How can effective working relationships be developed across time zones, cultures and languages? Lonnie Pacelli, author, consultant, speaker, and publisher who is devoted to preparing project managers and building strong leaders, offers this advice:

Take the first step in developing the relationship

Take some time to get to know all virtual team members by initiating periodic phone calls or visits. Learn about employees’ family or interests, and where they live. Most important, take some time to understand each person’s unique challenges in his or her location. Things that may be taken for granted in your location may be impossible in another location.

Go to them

Yes I know that businesses are cutting back big time on travel. Sometimes, though doing things face to face is the best way to build relationships. When possible, visit team members in their locations and experience their culture. Some of my most lasting and effective relationships were built over drinking sake, eating wiener schnitzel, or experiencing pickled fish stomach with team members.

Share the inconvenience

Don’t make far-flung employees the ones who always have to get up extra early or stay late for conference calls. Share the inconvenience workload and do your share of the off-hours calls. That will speak volumes to your team members.

Watch the slang with those who don’t share your language

When working with someone who doesn’t share your primary native tongue, use simple words that convey basic meaning. Flowery, colorful language is great for an English Literature class; not so good for communicating with a team member who must work to translate your language.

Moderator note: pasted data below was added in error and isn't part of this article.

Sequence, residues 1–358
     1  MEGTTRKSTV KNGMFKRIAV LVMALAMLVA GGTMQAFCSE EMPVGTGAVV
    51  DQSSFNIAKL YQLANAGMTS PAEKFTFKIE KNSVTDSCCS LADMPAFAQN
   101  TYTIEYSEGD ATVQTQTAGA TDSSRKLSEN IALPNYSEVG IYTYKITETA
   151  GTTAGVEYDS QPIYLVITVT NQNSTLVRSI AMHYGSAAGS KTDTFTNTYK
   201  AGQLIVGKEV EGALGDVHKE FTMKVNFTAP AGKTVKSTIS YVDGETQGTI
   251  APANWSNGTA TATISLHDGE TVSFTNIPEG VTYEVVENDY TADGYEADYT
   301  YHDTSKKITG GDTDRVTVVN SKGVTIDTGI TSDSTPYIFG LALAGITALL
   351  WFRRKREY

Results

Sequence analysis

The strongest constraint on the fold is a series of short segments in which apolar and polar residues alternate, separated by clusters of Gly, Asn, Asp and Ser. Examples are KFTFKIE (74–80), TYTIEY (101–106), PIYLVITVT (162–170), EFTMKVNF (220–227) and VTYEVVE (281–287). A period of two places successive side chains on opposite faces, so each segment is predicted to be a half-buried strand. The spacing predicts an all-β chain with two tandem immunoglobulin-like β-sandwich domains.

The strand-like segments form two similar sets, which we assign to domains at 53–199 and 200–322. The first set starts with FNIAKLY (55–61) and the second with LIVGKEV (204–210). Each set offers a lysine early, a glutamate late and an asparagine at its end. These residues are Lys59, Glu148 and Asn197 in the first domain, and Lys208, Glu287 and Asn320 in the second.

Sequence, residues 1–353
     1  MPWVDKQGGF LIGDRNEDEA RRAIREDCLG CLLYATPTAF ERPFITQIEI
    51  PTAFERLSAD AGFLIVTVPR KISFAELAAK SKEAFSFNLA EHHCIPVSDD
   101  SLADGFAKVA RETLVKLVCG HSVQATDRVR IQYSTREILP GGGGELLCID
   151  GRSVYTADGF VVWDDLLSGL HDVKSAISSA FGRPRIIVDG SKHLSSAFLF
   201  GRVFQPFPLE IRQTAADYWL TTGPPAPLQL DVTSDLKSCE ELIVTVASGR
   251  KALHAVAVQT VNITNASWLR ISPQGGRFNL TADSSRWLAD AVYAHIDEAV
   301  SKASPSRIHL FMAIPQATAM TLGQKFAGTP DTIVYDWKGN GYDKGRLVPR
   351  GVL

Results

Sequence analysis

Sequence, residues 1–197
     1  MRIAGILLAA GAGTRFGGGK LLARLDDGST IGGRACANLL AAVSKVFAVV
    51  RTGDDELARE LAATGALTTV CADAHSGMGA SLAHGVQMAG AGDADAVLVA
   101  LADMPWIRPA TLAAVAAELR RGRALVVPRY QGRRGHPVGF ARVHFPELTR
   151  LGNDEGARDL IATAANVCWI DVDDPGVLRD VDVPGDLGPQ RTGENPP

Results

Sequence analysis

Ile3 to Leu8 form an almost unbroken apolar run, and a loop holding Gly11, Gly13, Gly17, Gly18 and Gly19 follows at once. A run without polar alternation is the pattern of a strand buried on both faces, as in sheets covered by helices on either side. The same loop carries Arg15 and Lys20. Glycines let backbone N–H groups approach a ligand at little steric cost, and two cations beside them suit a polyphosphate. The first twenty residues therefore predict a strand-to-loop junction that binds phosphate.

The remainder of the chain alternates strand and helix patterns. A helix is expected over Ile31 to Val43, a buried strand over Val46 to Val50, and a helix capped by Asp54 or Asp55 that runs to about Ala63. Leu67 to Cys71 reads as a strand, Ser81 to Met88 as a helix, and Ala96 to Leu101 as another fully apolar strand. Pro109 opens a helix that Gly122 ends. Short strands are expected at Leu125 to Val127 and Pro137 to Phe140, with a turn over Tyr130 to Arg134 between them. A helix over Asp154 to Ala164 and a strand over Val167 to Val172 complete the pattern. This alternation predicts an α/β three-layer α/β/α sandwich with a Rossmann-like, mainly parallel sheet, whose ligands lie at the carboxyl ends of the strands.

Involve everyone in decision-making

It’s easy to make decisions with those around you and later on “inform” the virtual team members of your decision, but that only alienates the members you left out. Make all teammates part of the decision-making and problem-solving processes.

Use email to overcome the language barrier

I’ve done many problem-solving exercises with my teams using email as the means for documenting the problem, articulating alternatives, and providing resolution. It not only ensures everyone is included, but helps those who don’t share your native tongue by putting things in written format and permitting more time for translation. However, sometimes, you’ve just got to get on the phone to resolve a problem if it’s too unwieldy or sensitive for email, or if the email approach isn’t working. Get the pertinent team members together at a time that is least inconvenient for everyone and hash it out.

Keep a written audit trail of decisions

This is just good practice regardless of whether the team is virtual or not. Keep a spreadsheet or database of the decisions made or the resolution to problems so team members can ensure it reflects their understanding of the issue. It also helps avoid re-hashing issues already decided upon.

Lonnie Pacelli is an accomplished author and autism advocate with over 30 years experience in leadership and project management at Accenture, Microsoft, and Consetta Group. See books, articles, keynotes, and self-study seminars at

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